Maya Angelou and Amy Tan each write about being a young minority person in an American culture. Angelou’s short story “Champion of the World” tells about a boxing match of African American boxer Joe Louis against a white contender and how the whole African American community was glued to the TV set and awaited the end of the match with bated breath because a loss or victory of their black guy meant a lot for their lives amidst racial inequality. Tan’s “Fish Cheeks” takes a narrower look at the life of a single Chinese family celebrating Christmas with a white family of the local priest and at how the protagonist feels ashamed and embarrassed for being different from their white guests. Given the fact that Tan uses the first person narration, accepts the viewpoint of the domineering majority, and describes a girl’s alienating experience rather than the communal unity against racial inequality, as Angelou did, Tan’s “Fish Cheeks” more vividly depicts a sense of isolation of minority cultures from the dominant culture.
The action of Angelou’s “Champion of the World” takes place at Uncle Willie’s store where the African American community of Arkansas came to listen to the radio transmission of the “Brown Bomber” defending his heavyweight boxing title against a white rival. First of all, the author creates an atmosphere of community and unity. All the African Americans of the area wanted to come and join the excitement of hearing their man fight. Even though the room was packed, “people continued to wedge themselves along the walls of the Store”. Angelou gives the story a structure through the comments of the radio commentator. The reader sees how the community reacts at what they all hear. The commentator says that Louis is hanging on the ropes and the audience at the store is holding their breath; then he says Louis is getting up and attacking and the audience enlivens. The store workers do not even ring in purchases so not to ruin the atmosphere. The author depicts the time when African Americans were getting used to their new status of free people. She remarks that the commentator “was addressing [them] as ‘ladies and gentlemen’” and they wondered at it. When Louis would miss some blows and there was an odd of him losing the fight, the audience was utterly dumbfounded but at the same time united in their reaction to a hard blow. The author writes, “My race groaned. It was our people falling”. The community perceived the possible loss of Joe Louis as a defeat of African Americans, as if “the accusations that we were lower types of human beings” were true and they “were back in slavery and beyond help”. This method of generalization is efficient to pit an ethnic minority against the dominant majority but it suggests a unity amongst African Americans. Amidst this oppression and pressure of racial inequality they were together and showed a united front.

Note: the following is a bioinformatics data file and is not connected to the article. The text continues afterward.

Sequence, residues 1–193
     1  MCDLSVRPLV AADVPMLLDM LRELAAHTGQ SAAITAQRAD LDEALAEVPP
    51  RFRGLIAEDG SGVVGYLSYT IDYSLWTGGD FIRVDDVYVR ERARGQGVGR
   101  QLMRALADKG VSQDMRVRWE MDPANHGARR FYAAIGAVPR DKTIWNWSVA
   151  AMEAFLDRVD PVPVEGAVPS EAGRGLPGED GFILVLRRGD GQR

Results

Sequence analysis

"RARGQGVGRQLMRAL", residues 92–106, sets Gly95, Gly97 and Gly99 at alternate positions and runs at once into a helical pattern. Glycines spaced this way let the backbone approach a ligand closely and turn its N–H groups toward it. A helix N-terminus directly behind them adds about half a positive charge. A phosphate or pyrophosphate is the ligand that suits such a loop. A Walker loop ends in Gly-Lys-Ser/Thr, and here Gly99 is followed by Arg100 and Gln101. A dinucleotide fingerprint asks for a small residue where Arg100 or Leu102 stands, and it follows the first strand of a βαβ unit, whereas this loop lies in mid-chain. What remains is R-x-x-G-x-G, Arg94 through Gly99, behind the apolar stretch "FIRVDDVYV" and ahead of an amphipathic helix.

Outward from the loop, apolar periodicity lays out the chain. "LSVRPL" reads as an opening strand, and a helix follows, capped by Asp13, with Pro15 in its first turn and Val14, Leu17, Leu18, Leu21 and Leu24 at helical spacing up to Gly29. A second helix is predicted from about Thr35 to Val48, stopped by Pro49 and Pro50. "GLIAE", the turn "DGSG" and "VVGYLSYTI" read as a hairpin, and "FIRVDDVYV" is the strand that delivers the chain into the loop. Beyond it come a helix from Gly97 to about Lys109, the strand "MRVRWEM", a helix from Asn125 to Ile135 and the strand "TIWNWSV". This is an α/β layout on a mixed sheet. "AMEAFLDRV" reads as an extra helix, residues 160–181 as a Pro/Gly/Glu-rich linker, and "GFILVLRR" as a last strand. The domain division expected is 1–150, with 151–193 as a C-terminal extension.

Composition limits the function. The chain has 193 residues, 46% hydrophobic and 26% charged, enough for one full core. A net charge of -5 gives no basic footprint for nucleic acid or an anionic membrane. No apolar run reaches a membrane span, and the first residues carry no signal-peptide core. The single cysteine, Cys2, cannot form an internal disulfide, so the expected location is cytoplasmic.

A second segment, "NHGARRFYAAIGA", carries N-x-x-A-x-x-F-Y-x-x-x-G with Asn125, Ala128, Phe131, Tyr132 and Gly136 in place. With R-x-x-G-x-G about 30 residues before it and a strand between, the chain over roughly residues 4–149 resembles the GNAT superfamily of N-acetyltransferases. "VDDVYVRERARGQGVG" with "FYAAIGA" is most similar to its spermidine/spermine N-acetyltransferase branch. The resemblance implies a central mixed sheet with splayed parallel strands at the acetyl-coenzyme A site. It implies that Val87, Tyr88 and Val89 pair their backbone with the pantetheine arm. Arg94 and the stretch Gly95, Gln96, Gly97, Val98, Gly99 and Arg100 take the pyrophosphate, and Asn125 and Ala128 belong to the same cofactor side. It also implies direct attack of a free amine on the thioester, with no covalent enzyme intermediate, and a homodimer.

Meanwhile, Tan’s “Fish Cheeks” shows a different situation for an ethnic minority. Given from the perspective of a young Chinese girl, the story shows Tan having accepted the viewpoint of the domineering majority. The Tan family had been living in the US for some time and Amy had already been under pressure to conform, at least visually in her appearance. By Christmas she had prayed for “a slim American nose”ф. But this feeling of inadequacy and inability to fit in because of different hair structure and skin color was intensified by her crush on a white boy. Therefore, Tan looked at their Christmas dinner through double lenses of white Protestant Americans. As a teenager she felt it necessary to reject everything. Being in love with Robert, the minister’s son, Amy “pretended he was no worthy of existence” in response to his “grunted hello”. However, this heightened hormone-infused response of a fourteen year old had already been within the framework of the dominant culture. Amy refers to everything Chinese as “shabby”, “lacking proper American manners” and “disappointment”. She already opposed her native culture to the superior American culture. The fact that her family’s traditions were Chinese was already a negative factor and nothing her parents could do would change the way she saw it.